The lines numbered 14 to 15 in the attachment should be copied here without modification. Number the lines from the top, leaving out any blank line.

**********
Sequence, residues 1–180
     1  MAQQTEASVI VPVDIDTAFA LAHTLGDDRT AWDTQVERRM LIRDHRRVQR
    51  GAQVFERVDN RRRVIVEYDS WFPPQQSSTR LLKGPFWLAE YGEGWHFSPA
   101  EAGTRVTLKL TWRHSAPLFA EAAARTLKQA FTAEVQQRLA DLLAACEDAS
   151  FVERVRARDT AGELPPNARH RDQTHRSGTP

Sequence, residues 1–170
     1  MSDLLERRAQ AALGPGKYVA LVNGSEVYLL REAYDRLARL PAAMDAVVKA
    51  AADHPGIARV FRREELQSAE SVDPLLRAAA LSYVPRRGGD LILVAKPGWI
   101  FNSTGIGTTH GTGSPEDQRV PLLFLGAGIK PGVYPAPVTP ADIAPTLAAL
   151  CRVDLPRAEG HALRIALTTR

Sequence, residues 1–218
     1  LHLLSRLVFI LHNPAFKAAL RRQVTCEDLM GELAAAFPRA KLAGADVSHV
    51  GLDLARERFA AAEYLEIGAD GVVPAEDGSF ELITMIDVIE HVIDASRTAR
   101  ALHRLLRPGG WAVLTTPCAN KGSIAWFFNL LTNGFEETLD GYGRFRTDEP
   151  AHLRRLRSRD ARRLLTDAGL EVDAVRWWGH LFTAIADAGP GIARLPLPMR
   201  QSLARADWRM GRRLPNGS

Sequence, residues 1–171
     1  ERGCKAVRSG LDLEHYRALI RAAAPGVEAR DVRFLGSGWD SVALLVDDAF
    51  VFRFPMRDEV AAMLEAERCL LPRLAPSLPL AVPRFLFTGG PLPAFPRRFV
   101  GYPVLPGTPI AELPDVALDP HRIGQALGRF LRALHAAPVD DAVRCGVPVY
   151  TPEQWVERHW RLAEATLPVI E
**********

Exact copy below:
   101  ALHRLLRPGG WAVLTTPCAN KGSIAWFFNL LTNGFEETLD GYGRFRTDEP
   151  AHLRRLRSRD ARRLLTDAGL EVDAVRWWGH LFTAIADAGP GIARLPLPMR